Another strategy is to opt not to replace the liners in individual cans nightly, unless they are obviously soiled. [This could be a money saver for your cleaning labor too.] The most aggressive strategy is to reduce the population of trash cans entirely. Some companies have eliminated trash cans at smaller work stations (mainly from employees who produce one or two pieces a day) in favor of centrally located trash cans for everyone to use. While this strategy may make an fm look like a miser, you will quickly find that you spend less money on liners and a lot less on a cleaning crew walking aisle after aisle just to pick up a couple of wadded up NCAA brackets.
HVAC consideration #1. You probably know the refreshing feeling of coming in from the heat of 85˚F into a comfortable indoor environment that may be 72˚F (or conversely, coming from a cold 35˚F into a 72˚F space). Controlling the humidity has as much to do with indoor comfort as anything. Gradually moving your set points in the direction of the temperature may yield some electricity savings. When it gets to be 98˚F outside, a 74˚F space feels mighty good. As the thermometer dips lower in the fall, you can start shifting those set points to match the weather.
HVAC consideration #2. Just like the notion that you should change your car’s oil every three months or 3000 miles (that’s 4828 km for our Canadian readers), some people believe that preventive maintenance (PM) needs to be done every three months. Unless your equipment manual says otherwise, you could shift your PM schedule to every four months for your non-critical equipment. Some fms even go six months between PMs under the notion that if it is not broke, why fix it. (On the downside, I have seen a lot of refrigerant leaks that can be traced to a loose Schrader valve from the last PM.)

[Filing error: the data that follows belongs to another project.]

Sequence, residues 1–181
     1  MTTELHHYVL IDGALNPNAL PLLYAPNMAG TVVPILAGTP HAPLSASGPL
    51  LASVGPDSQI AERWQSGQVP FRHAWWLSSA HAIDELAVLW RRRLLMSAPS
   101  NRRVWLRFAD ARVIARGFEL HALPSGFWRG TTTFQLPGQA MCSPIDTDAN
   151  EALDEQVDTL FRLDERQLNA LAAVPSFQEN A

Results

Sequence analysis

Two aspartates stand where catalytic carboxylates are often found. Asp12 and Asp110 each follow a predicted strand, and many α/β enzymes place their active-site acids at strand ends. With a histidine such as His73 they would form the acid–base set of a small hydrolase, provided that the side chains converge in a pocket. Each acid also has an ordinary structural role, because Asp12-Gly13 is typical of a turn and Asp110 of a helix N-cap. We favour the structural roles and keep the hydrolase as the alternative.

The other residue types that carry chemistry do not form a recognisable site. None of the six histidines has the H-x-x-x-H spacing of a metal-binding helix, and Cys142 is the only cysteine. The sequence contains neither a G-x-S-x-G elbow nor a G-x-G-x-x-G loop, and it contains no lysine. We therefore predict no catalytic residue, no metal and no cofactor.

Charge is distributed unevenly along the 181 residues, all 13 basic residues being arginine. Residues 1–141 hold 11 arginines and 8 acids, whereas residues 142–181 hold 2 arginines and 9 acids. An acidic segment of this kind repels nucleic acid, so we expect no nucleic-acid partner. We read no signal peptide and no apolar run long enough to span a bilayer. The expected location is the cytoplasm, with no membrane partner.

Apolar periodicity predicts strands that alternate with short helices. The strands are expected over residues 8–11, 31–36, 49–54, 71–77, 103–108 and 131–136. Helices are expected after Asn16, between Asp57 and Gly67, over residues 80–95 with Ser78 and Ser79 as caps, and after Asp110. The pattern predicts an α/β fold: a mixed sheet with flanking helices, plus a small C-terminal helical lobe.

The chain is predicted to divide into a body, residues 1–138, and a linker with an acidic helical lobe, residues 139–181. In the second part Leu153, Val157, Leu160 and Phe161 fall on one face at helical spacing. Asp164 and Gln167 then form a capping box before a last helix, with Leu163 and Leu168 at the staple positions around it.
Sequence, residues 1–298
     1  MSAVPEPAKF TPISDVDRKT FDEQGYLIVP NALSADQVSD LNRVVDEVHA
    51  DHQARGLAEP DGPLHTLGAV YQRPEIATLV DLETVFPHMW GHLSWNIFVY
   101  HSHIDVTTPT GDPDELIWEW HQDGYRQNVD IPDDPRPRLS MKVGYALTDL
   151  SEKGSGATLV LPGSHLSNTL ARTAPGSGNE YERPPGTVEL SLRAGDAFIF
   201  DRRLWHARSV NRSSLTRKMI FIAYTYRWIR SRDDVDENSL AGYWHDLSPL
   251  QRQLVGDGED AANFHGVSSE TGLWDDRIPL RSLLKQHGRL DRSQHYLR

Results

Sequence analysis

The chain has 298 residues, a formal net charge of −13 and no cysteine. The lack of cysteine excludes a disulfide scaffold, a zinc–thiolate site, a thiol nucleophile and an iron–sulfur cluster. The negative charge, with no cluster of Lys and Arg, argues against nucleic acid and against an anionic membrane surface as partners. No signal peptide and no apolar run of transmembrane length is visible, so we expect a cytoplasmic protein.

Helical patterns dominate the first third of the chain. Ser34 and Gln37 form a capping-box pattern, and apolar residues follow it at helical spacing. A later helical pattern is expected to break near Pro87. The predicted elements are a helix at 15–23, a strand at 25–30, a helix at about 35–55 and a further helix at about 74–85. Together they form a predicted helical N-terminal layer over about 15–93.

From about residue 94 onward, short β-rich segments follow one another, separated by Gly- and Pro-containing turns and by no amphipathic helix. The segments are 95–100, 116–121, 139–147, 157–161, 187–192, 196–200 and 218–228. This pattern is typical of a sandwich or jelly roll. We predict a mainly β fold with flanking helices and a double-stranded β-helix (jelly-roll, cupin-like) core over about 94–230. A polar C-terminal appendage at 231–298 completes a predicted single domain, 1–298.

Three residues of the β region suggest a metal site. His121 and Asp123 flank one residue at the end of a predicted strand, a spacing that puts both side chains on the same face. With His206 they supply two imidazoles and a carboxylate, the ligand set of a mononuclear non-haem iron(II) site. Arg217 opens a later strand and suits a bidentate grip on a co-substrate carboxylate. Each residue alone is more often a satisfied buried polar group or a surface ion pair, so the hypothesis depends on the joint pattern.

Multi-function devices/printers (MFDs). Fms might not be responsible for the operation of these devices, but trimming costs is everyone’s responsibility. One suggestion for getting more out of MFDs is to load black and white (B&W) print drivers on users’ PCs. While users are told not to print in color unnecessarily, it is a tough policy to enforce. These B&W drivers can be made the default printer, forcing the users to select a color device; moreover, these drivers may be the only driver available to users (which will prevent them from printing their soon to be tossed NCAA brackets in color). Another strategy is to set devices to print documents double sided by default. One study even found that printing in Century Gothic uses less toner than other fonts. (So even if toner is free, using less is still green.)
Cost saving ideas are everywhere. While more examples will be provided in this column in the future, we would welcome some of your ideas too. Considering that most corporations report their earnings in thousands of dollars, the fm who can measure his or her cost savings can see a direct impact on the bottom line.
Save your company $10,000, and you just added a 10 to the corporate earnings statement. Save $100,000, and that statement goes up $100.
You can then bring your “revised” statement into your next performance appraisal (for those of you who even get them) and have some great fodder when you explain how you just paid for your own salary in cost savings.